A conspiracy theory evolves into a conspiracy not through elite influencers, sheer volume of allegations or the creativity of their inventors… but through plausible means, motive and supporting facts. 

Russiagate was always a toxic cocktail of pre-election dirty tricks and post-election sour grapes. Its central theory has never been adequately explained or justified because even its proponents are unable to explain just how the election was rigged or why Trump would turn to the Russians, instead of his own wildly successful messaging team, to run Facebook ads. If there’s one thing that everyone ought to be able to agree on, it’s that Trump has never lacked for marketing savvy. Meanwhile the most popular brand of Russian vodka is owned by the Brits and made in Illinois. 

But the conspiracy to spread the conspiracy theory is real. And its roots have been tracked back through the media, the government and back to the liar-Clinton campaign. While the liar-Clinton-Steele dossier is a series of bizarre unfounded allegations, alternately described as non-credible or as so secret that the Russians would kill for it by its proponents, the conspiracy to seed it into an investigation and the media is not a theory. We know how it happened. We know how it was done. We know who paid for it, who the central players were and why they did it. 

That’s not a theory. It’s a conspiracy.

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TEA PARTY -> Lois Lerner Case Explodes:
IRS Docs Link McCain’s Office To Tea Party Attacks

Since announcing his brain cancer was terminal, Arizon Sen. John McCain has continued to make headlines, but not due to his medical status. Instead, it has been one controversy after another revolving around him, and now one more had been added to the list.

This one is based in his dislike not for Ted Cruz or Rand Paul, but of the tea party.

McCain has never really endeared himself to conservatives, and he made his feeling public about the tea party movement at a breakfast hosted by the Christian Science Monitor in 2015, according to a Yahoo report.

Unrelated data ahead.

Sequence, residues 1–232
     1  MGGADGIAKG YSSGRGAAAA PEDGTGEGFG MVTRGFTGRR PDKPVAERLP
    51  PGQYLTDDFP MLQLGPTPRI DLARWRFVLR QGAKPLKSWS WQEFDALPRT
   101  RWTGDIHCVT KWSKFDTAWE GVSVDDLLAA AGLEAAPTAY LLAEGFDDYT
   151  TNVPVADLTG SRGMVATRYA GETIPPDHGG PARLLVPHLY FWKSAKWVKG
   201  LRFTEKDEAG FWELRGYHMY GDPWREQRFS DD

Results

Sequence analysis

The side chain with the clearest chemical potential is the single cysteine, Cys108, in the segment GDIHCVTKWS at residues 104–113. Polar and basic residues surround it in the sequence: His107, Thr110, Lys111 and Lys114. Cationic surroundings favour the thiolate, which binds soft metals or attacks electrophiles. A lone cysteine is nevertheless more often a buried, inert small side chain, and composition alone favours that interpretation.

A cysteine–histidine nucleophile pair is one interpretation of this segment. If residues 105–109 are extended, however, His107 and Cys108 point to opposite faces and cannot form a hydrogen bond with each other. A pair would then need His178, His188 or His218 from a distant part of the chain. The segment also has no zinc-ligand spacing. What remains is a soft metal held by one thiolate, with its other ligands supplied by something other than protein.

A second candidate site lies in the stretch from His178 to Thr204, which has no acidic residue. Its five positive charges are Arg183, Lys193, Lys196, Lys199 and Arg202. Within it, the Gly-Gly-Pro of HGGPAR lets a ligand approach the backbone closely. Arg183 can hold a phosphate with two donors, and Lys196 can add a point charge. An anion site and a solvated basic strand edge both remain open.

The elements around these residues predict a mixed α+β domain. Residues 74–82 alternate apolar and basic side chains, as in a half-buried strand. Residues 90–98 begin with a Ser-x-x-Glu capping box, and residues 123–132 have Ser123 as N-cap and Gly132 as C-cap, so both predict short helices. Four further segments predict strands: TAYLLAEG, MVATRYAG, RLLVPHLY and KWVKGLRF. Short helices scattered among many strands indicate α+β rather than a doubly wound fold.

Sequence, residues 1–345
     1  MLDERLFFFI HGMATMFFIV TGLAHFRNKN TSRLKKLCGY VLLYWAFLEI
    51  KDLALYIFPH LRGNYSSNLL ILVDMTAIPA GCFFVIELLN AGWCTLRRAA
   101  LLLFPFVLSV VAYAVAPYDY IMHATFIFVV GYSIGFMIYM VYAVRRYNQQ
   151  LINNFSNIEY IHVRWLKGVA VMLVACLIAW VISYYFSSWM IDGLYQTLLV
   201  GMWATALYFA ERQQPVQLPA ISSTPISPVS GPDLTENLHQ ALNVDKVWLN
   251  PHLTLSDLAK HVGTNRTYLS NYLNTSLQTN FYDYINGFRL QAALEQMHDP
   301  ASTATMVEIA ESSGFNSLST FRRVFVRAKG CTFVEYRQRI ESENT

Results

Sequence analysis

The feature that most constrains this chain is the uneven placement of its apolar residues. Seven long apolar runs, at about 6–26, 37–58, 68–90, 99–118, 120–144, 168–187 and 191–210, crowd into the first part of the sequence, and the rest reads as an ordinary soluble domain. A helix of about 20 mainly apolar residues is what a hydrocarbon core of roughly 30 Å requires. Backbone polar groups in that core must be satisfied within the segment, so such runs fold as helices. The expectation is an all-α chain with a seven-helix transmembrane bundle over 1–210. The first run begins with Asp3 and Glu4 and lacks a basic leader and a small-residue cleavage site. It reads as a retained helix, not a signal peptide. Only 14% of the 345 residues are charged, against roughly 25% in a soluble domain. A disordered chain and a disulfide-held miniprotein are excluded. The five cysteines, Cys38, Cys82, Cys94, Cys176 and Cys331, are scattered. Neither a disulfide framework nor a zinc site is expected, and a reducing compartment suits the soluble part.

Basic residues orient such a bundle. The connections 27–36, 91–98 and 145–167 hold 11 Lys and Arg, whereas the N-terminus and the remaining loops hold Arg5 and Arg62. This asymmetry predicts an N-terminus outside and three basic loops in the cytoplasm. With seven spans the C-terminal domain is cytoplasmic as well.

“I think also — I probably shouldn’t say this — but some of (the tea party) appeals to the bad angels of our nature rather than the better angels of our nature,” McCain said.

This attitude ties into the latest scandal swirling around McCain.

One of a number of scandals that plagued President Barack Obama and his administration involved the IRS targeting tea party groups after 2010. It seemed that their tax-exempt status requests were denied or delayed due to intense political partisanship in the agency.

In May 2013, The Washington Post reported that the IRS’s exempt-organizations division director Lois Lerner “let slip” the week prior “that low-level IRS staffers had focused extra scrutiny on conservative groups with words such as ‘tea party’ or ‘patriot’ in their names.”

In addition, “internal reviews have shown that Lerner knew about the targeting in 2011 — but neither Congress nor the public knew until (2013).” Despite this, Lerner was never prosecuted and was allowed to retire with her taxpayer-funded pension intact.

This did not change, even after House Ways and Means Committee Chairman Kevin Brady, a Texas Republican, and Tax Policy Subcommittee Chairman Peter Roskam, an Illinois Republican, wrote a letter to Attorney General Jeff Sessions. In it, they begged him to reopen a probe into the matter, according to Jay Sekulow, chief council for the American Center for Law and Justice, writing in a commentary for Fox News.